NATO aircraft scream across eastern European skies and American armored vehicles rumble near the border with Russia on a mission to reassure citizens that they’re safe from Russian aggression.
But these days, ordinary people aren’t taking any chances.
In Poland, doctors, shopkeepers, lawmakers and others are heeding a call to receive military training in case of an invasion. Neighboring Lithuania is restoring the draft and teaching citizens what to do in case of war. Nearby Latvia has plans to give university students military training next year.
The drive to teach ordinary people how to use weapons and take cover under fire reflects soaring anxiety among people in a region where memories of Moscow’s domination — which ended only in the 1990s — remain raw. People worry that their security and hard-won independence are threatened as saber-rattling intensifies between the West and Russia over the conflict in Ukraine, where more than 6,000 people have died.
In Poland, the oldest generation remembers the Soviet Army’s invasion in 1939, at the start of World War II. Younger people remain traumatized by the repression of the communist regime that lasted more than four decades.
It’s a danger felt across the EU newcomer states that border Russia.
“There’s a real feeling of threat in our society,” Latvian defense ministry spokeswoman Aija Jakubovska told The Associated Press. Military training for students is a “way we can increase our own defense capabilities.”
Most people are still looking to NATO’s military umbrella as their main guarantor of security. Zygmunt Wos waved goodbye to a detachment of U.S. armored vehicles leaving the eastern Polish city of Bialystok with apprehension: “These troops should be staying with us,” he said, “not going back to Germany.”
Poland has been at the forefront of warnings about the dangers of the Ukraine conflict. Just 17 hours by car from the battle zone, Poland has stepped up efforts to upgrade its weapons arsenal, including a possible purchase of U.S.-made Tomahawk missiles. It will host a total of some 10,000 NATO and other allied troops for exercises this year. Its professional army is 100,000-strong, and 20,000 reservists are slated for test-range training.
It’s the grassroots mobilization, however, that best demonstrates the fears: The government has reached out to some 120 paramilitary groups with tens of thousands of members, who are conducting their own drills, in an effort to streamline them with the army exercises.
In an unprecedented appeal, Parliament Speaker Radek Sikorski urged lawmakers to train at a test range in May, while Defense Minister Tomasz Siemoniak called on men and women aged between 18 and 50, and with no military experience, to sign up for test-range exercise. So far, over 2,000 people have responded.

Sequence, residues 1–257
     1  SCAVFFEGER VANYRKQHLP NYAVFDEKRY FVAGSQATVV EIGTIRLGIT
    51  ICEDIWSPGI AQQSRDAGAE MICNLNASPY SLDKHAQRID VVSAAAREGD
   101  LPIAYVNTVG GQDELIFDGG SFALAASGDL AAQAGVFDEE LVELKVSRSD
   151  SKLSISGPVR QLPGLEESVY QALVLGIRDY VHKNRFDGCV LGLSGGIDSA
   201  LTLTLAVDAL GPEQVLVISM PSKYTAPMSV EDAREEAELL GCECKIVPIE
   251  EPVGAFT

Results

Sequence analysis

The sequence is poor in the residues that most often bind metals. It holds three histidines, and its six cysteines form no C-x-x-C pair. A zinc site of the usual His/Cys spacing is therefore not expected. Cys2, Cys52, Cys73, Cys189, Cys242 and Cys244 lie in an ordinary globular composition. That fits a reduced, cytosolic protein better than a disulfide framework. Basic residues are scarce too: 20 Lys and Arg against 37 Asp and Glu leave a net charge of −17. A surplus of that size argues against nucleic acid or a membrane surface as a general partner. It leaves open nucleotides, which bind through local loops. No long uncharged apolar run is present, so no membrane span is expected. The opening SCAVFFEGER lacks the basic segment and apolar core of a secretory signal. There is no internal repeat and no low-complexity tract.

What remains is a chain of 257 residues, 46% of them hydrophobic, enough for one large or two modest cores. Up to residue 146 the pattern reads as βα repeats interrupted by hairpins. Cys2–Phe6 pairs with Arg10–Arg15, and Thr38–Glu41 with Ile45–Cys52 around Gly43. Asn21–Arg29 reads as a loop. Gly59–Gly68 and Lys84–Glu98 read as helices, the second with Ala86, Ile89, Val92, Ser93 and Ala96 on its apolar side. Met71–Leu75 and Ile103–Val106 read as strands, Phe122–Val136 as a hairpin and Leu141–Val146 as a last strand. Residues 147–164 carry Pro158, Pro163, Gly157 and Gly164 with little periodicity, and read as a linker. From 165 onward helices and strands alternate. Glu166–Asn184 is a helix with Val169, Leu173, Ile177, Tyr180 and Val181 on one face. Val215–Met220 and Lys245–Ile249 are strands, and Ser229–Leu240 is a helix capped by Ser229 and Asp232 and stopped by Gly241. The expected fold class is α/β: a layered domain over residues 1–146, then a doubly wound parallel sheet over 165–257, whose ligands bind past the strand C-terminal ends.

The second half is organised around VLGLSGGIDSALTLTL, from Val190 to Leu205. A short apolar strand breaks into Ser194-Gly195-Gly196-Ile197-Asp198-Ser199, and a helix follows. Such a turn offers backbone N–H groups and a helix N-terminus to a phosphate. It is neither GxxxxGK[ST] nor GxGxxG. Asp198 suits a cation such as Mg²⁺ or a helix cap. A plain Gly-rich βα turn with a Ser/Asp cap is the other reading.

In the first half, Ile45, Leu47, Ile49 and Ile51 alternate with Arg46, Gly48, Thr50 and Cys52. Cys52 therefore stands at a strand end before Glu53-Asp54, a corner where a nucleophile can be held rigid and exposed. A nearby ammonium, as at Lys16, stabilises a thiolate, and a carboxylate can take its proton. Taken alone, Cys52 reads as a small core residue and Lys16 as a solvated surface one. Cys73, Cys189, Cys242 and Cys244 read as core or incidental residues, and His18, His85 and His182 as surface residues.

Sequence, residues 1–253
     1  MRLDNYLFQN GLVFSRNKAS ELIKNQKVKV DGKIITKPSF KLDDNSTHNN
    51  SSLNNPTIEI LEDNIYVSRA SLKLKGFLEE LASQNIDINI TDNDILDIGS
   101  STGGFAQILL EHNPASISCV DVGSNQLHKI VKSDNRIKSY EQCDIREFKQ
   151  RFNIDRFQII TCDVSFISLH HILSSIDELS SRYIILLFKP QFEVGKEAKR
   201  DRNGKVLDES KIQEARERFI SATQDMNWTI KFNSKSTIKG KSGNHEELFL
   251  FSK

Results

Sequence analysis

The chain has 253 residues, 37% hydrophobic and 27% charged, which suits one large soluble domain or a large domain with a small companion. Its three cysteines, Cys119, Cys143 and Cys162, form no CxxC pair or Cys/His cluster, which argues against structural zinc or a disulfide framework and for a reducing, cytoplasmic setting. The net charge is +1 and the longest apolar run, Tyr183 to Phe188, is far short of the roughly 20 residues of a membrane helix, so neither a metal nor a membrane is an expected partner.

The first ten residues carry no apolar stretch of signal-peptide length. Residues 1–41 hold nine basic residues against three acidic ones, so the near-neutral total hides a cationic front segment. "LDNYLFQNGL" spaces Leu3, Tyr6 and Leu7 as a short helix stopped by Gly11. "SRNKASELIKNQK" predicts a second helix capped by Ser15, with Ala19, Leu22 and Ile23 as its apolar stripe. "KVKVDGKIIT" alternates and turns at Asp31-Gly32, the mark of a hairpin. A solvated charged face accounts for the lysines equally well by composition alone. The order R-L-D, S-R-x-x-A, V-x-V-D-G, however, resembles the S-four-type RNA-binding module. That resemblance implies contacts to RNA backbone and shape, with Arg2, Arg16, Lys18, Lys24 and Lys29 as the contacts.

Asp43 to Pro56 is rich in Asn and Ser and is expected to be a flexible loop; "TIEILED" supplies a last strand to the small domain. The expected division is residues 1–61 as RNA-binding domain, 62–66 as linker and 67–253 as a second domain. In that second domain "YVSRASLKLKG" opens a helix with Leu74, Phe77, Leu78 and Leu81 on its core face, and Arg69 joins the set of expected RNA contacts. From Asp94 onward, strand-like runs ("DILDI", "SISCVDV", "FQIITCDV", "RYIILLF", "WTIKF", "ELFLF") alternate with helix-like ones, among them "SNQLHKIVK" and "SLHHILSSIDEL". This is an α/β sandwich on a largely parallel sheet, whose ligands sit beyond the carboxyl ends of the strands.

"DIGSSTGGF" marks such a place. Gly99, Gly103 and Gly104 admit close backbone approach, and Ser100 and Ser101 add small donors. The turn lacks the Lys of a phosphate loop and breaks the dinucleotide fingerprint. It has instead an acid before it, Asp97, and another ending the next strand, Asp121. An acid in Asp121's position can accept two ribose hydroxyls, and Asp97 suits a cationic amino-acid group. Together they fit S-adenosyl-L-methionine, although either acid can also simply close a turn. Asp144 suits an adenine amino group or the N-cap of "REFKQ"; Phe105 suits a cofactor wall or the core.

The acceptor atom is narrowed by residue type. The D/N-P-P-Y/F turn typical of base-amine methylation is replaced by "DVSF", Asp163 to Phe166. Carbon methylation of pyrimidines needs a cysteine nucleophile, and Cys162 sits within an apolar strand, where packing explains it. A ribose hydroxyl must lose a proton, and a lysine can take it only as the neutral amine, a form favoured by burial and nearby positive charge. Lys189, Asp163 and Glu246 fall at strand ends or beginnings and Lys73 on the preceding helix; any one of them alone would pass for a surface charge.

“The times are dangerous and we must do all we can to raise Poland’s ability to defend its territory,” President Bronislaw Komorowski said during a recent visit to a military unit.
The Poles believe they have grounds for feeling particularly vulnerable because they have been invaded by Russia repeatedly since the 18th century. Russian leader Vladimir Putin seems to have singled out Poland, a staunch U.S. ally, as a prime enemy in the struggle over Ukraine, accusing it of training “Ukrainian nationalists” and instigating unrest.
Recently Moscow said it will place state-of-the-art Iskander missiles in its Kaliningrad enclave, bordering Poland and Lithuania, for a major exercise.
Last week, over 550 young Polish reservists were summoned on one hour’s notice to a military base for a mobilization drill. In their 20s and 30s, in jeans and sneakers, the men and women arrived at a base in Tarnowskie Gory, in southern Poland for days of shooting practice. One of them, 35-year-old former soldier Krystian Studnia, said the call was “absolutely natural.”
“Everyone should be willing and ready to fight to defend his country,” he said.
In Warsaw, Mateusz Warszczak, 23, glowed with excitement as he signed up at a recruitment center. “I want to be ready to defend my family, my relatives, from danger,” he said.
Even older Poles feel obliged to take responsibility for their own safety.
In September, Wojciech Klukowski, a 58-year-old medical doctor, and his friends organized a civic militia group of about 50 men and women of various ages, and called it the National Guard. They practiced skirmishes and shooting, with the aim of becoming citizen-soldiers in their hometown of Szczecin, on the Baltic Sea coast.
“We do not feel fully safe,” Klukowski said. “Many people … want to be trained to defend their homes, their work places, their families.”